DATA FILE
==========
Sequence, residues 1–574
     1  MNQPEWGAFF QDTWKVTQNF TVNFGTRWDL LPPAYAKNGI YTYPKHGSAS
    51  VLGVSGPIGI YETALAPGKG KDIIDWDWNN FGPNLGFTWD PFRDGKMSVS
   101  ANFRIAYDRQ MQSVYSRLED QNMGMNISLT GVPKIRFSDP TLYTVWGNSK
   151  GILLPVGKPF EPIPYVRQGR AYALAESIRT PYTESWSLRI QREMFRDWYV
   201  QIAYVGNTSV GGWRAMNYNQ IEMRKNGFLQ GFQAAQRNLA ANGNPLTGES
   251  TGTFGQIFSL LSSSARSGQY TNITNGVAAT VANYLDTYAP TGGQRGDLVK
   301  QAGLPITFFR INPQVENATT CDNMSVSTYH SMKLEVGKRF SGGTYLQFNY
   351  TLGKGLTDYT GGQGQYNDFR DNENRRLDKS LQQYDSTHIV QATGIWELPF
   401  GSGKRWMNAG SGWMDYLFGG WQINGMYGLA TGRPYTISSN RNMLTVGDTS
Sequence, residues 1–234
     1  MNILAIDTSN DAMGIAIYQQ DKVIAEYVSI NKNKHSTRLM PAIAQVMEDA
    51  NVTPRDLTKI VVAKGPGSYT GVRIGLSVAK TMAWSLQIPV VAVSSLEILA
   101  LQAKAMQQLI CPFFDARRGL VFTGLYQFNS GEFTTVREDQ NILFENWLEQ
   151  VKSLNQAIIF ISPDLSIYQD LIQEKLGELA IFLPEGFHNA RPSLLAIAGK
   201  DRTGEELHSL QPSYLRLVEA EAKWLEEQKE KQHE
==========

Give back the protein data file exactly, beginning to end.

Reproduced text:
Sequence, residues 1–574
     1  MNQPEWGAFF QDTWKVTQNF TVNFGTRWDL LPPAYAKNGI YTYPKHGSAS
    51  VLGVSGPIGI YETALAPGKG KDIIDWDWNN FGPNLGFTWD PFRDGKMSVS
   101  ANFRIAYDRQ MQSVYSRLED QNMGMNISLT GVPKIRFSDP TLYTVWGNSK
   151  GILLPVGKPF EPIPYVRQGR AYALAESIRT PYTESWSLRI QREMFRDWYV
   201  QIAYVGNTSV GGWRAMNYNQ IEMRKNGFLQ GFQAAQRNLA ANGNPLTGES
   251  TGTFGQIFSL LSSSARSGQY TNITNGVAAT VANYLDTYAP TGGQRGDLVK
   301  QAGLPITFFR INPQVENATT CDNMSVSTYH SMKLEVGKRF SGGTYLQFNY
   351  TLGKGLTDYT GGQGQYNDFR DNENRRLDKS LQQYDSTHIV QATGIWELPF
   401  GSGKRWMNAG SGWMDYLFGG WQINGMYGLA TGRPYTISSN RNMLTVGDTS
Sequence, residues 1–234
     1  MNILAIDTSN DAMGIAIYQQ DKVIAEYVSI NKNKHSTRLM PAIAQVMEDA
    51  NVTPRDLTKI VVAKGPGSYT GVRIGLSVAK TMAWSLQIPV VAVSSLEILA
   101  LQAKAMQQLI CPFFDARRGL VFTGLYQFNS GEFTTVREDQ NILFENWLEQ
   151  VKSLNQAIIF ISPDLSIYQD LIQEKLGELA IFLPEGFHNA RPSLLAIAGK
   201  DRTGEELHSL QPSYLRLVEA EAKWLEEQKE KQHE